Mr. Eisen, a self-described “obsessed open-access advocate,” described the impact in a blog post last year: “Thanks to the social features of Mendeley, more and more people will see and have access to those papers, thus ensuring that they do not wallow in never-never land but continue to have some potential impact on science and society.”

Perhaps most important from my point of view – I love the picture of me taken by Max Whittaker.

Quick Tip: if you want someone to share job ads, announcements, etc, send links to web sites not attachments

OK I have had it. I have had it with people who send me job ads and meeting announcements and other things they want me to “share” with colleagues or students. I got six such requests today – two for job ads, two for course announcements and two for meeting announcements.

But this rant may not be what you think. I am not annoyed that they want me to share something. I actually like doing this. What I am annoyed with is how people do this. 95% of the time people send these email requests with an attachment and expect me to forward this on to all who might be interested. And much of the time these attachments are big files, sometimes written in programs that only some people can open.

Does this work some of the time? Sure. Do I sometimes forward these on? Sure. But that approach is so 2005. Here in 2010 there are better ways than email blasts to people who mostly just click delete. In my opinion, the best way to get someone to share something like this is to post your announcement on the web somewhere and then send people a link to the web site. Include a brief summary in the email you send around and if people want more information they can go to the web site. Not only does this save some bandwidth and not clutter up peoples email servers, but it also allows those of us who share via Twitter and Friendfeed and Facebook and so on to more easily send the announcement around. I am sure many people prefer the attachments, but I for one get 50+ attachments a day, almost all of which do not get looked at.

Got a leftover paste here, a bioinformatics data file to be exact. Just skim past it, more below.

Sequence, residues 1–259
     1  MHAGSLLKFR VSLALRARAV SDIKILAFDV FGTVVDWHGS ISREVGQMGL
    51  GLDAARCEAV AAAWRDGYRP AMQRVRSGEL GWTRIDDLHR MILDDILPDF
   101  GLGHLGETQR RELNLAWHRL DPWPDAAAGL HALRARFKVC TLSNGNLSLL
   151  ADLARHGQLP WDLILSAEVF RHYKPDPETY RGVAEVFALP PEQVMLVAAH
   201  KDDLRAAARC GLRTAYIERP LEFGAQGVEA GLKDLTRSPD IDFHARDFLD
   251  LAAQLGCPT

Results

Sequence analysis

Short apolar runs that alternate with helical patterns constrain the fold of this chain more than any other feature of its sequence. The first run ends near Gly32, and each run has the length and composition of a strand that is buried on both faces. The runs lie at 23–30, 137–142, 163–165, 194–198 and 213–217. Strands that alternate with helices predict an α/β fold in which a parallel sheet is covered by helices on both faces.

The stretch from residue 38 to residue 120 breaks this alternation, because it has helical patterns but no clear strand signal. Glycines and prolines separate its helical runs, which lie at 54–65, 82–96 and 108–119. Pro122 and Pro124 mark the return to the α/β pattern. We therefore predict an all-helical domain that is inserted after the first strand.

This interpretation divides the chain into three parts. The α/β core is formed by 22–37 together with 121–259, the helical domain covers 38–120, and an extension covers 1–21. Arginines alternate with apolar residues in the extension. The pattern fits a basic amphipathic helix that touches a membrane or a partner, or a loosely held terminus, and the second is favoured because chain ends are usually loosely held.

UPDATE 9/23/2012
So – the post above was written two years ago, almost to the day.  And not much has changed.  Excepted perhaps the way people share links (I mention Friendfeed above — I guess I that could be replaced by Google+).

What is an easy way to post a document and then send people a link?  There are many ways to do this including

  • Post as a Google Doc/Presentation in Google Drive and send the link
  • Upload to Dropbox or another such site and, well, share the link
  • Post as a blog post (if you have a blog) or friggin start a blog and post it there
And of course many many other ways.  But please please please stop sending all these files around.  For a while I was posting them to my blog (I can autopost by forwarding email messages to the right address).  But I am sick of doing this for other people and am going to stop.